Alfred Lord Tennyson

(6 August 1809 – 6 October 1892 / Lincoln / England)

Alfred Lord Tennyson Poems

81. Mariana In The South 1/1/2004
82. Sir Launcelot And Queen Guinevere 4/8/2010
83. In Memoriam A. H. H.: 78. Again At Christmas Did We Weave 1/1/2004
84. Move Eastward, Happy Earth 1/1/2004
85. In Memoriam A. H. H.: 105. To-Night Ungather'D Let Us Leave 1/1/2004
86. In Memoriam A. H. H.: Is It, Then, Regret For Buried Time 1/1/2004
87. The Princess (Part 1) 1/1/2004
88. In Memoriam A. H. H.: The Prelude 1/1/2004
89. Ode To Memory 4/8/2010
90. In Memoriam A. H. H.: 131. O Living Will That Shalt Endure 1/1/2004
91. In The Valley Of Cauteretz 1/1/2004
92. Gareth And Lynette 1/1/2004
93. Lucretius 1/1/2004
94. In Memoriam A. H. H.: 22. The Path By Which We Twain Did Go 1/1/2004
95. In Memoriam A. H. H.: 16. I Envy Not In Any Moods 1/1/2004
96. In Memoriam A. H. H.: 56. So Careful Of The Type? But No 1/1/2004
97. In Memoriam A. H. H.: 2. Old Yew, Which Graspest At The Sto 1/1/2004
98. Lady Clare 1/1/2004
99. Maud: A Monodrama (Part Ii, Excerpt) 1/1/2004
100. Requiescat 1/1/2004
101. To The Queen 1/1/2004
102. In Memoriam A. H. H. Obiit: 124. That Which We Dare Invoke 1/1/2004
103. The Passing Of Arthur 1/1/2004
104. Enoch Arden 1/1/2004
105. In Memoriam A. H. H.: 55. The Wish, That Of The Living Whol 1/1/2004
106. In Memoriam 82: I Wage Not Any Feud With Death 1/1/2004
107. Idylls Of The King: The Passing Of Arthur (Excerpt) 1/1/2004
108. In Memoriam A. H. H.: 11. Calm Is The Morn Without A Sound 1/1/2004
109. Late, Late, So Late 1/1/2004
110. In Memoriam A. H. H.: 5. Sometimes I Hold It Half A Sin 1/1/2004
111. In Memoriam A. H. H.: 45. The Baby New To Earth And Sky 1/1/2004
112. The Deserted House 1/1/2004
113. Merlin And Vivien 1/1/2004
114. To E. Fitzgerald: Tiresias 1/1/2004
115. The Holy Grail 1/1/2004
116. From 'The Princess' 4/8/2010
117. In Memoriam A. H. H.: 54. Oh, Yet We Trust That Somehow Goo 1/1/2004
118. The Higher Pantheism 1/1/2004
119. In Memoriam 3: O Sorrow, Cruel Fellowship 1/1/2004
120. The Grandmother 1/1/2004

Comments about Alfred Lord Tennyson

  • Eric Lopez (3/10/2013 11:07:00 PM)

    I was playing a video game Mass Effect, and through out the series Shepherd, and Williamson use references from Tennyson's poems. I decided to look him up and they are just amazing. I'm glad Mass effect turned me on to this guy's amazing art work.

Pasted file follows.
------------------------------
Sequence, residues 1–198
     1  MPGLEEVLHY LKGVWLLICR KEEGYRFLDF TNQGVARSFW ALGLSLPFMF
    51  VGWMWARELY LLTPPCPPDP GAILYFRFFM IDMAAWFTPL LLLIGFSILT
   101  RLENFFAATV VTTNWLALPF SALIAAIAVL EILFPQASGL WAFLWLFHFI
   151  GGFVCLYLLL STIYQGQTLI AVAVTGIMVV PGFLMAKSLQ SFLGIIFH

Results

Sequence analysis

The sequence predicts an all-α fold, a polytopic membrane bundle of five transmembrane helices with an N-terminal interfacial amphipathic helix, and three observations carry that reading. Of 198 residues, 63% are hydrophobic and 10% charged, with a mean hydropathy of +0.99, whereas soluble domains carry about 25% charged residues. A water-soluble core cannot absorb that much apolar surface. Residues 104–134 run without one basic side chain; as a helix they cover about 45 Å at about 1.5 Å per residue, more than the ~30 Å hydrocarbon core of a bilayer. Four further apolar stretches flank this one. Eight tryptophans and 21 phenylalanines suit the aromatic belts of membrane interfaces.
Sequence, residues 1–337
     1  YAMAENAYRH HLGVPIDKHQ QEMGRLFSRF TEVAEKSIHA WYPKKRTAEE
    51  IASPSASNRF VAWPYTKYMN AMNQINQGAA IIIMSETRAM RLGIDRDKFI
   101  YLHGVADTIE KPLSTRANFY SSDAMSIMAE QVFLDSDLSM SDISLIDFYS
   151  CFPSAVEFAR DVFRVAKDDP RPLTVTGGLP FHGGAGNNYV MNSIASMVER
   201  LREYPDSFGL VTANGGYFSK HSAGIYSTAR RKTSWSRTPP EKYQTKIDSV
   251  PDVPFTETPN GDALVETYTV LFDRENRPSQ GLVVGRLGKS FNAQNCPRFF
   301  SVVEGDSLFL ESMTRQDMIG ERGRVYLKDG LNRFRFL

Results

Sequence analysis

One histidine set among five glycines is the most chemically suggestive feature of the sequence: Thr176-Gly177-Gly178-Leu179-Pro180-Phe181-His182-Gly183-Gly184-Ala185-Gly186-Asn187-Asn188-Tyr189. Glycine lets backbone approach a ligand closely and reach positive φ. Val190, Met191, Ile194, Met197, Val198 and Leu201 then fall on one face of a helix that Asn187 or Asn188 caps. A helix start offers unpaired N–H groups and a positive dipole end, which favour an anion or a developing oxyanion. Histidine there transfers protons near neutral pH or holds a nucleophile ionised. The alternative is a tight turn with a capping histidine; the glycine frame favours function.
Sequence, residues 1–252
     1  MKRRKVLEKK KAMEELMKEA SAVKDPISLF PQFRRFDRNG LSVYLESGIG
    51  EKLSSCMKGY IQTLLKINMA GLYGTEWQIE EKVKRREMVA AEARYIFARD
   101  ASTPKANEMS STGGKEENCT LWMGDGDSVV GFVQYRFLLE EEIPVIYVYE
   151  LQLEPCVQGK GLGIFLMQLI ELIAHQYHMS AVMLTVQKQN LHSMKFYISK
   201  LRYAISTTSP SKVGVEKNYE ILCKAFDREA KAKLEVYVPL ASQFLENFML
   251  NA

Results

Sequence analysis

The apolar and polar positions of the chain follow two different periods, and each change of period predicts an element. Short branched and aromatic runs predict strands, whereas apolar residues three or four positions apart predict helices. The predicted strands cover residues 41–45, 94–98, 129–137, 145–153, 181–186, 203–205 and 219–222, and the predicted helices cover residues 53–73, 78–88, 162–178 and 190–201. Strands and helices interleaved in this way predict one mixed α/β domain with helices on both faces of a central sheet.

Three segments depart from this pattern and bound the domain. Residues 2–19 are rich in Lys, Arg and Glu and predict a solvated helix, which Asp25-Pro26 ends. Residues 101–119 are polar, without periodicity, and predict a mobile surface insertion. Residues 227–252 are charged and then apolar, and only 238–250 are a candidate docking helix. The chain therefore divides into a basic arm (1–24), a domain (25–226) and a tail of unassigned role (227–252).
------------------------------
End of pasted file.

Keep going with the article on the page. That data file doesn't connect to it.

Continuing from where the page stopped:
103 person liked.
    78 person did not like.
  • Ulysses J (11/5/2012 7:46:00 PM)

    In Memoriam is pure beauty
    And I guess it's evident that I'm a fan of Ulysses, heh, mostly because I can relate well to Ulysses, flaws and all I respect the character in that poem so much, in fact it's hard to express and i get all teary when i try; _;

  • Artemis Gutierrez (9/12/2012 6:06:00 PM)

    I like his poem charge of the light brigade. For my report I wrote about this poem and Alfred Lord Tennyson.

  • Namrata Nath (8/26/2012 3:29:00 AM)

    alfred lord tennyson is a great poet. I just read The brook. It's so mesmerising the way he uses the words and sounds and everything. Please check out the poem guys. It's totally out of the world! ! !

  • Kevin Straw Kevin Straw (6/4/2012 1:33:00 PM)

    “crookéd hands” (2 syllables) is wrong.
    “The man clasped his stick with crookéd hands.” implies hands out of shape.
    But an eagle’s “feet” are flexible to curve and have long curved claws at the end. Tennyson presumably had not seen an eagle’s feet.
    I would not say that an eagle on a mountain is “close to the sun”.
    I am not sure about “from his mountain walls” – the eagle is watching from a crag – what is the point of “walls”? “his mountain wall” would be a better metaphor denoting the perpendicularity of the crag which allows the eagle to fall “like a thunderbolt”. But the rhyme would be lost.
    Can anyone tell me if this method of hunting is used by eagles? Do they not hunt by flying and then stooping on their prey?
    The poet is trying to anthropomorphise the eagle but he does not help the poem by doing so.
    Calling the eagle “he” and giving it “hands” etc. deprives it of its savage nature reminding one of Wind in the Willows!
    But the overall rhetorical power of the poem cannot be denied.

  • Nelson P (10/28/2011 12:38:00 PM)

    Hey folks, my band Wrong Side of Dawn wrote a song based on the words to 'Crossing the Bar' by Alfred Lord Tennyson. You can watch the Youtube video at http: // or download the song at http: // :) Hope you enjoy it!

  • Meshack Lebane (7/5/2011 6:19:00 AM)

    Very intersting I wish this simple words were taught at school our poets this days are
    Adicted to bid words which is distort the meaning at times! ! !

  • Chris Hoare (5/22/2005 11:33:00 AM)

    there seem to be some missing words. Would the web manager please check and correct?

Best Poem of Alfred Lord Tennyson


It little profits that an idle king,
By this still hearth, among these barren crags,
Match'd with an aged wife, I mete and dole
Unequal laws unto a savage race,
That hoard, and sleep, and feed, and know not me.
I cannot rest from travel; I will drink
Life to the lees. All times I have enjoy'd
Greatly, have suffer'd greatly, both with those
That loved me, and alone; on shore, and when
Thro' scudding drifts the rainy Hyades
Vext the dim sea. I am become a name;
For always roaming with a hungry heart
Much have I seen and known,-- cities of men ...

Read the full of Ulysses

Merlin And Vivien

A storm was coming, but the winds were still,
And in the wild woods of Broceliande,
Before an oak, so hollow, huge and old
It looked a tower of ivied masonwork,
At Merlin's feet the wily Vivien lay.

For he that always bare in bitter grudge
The slights of Arthur and his Table, Mark
The Cornish King, had heard a wandering voice,

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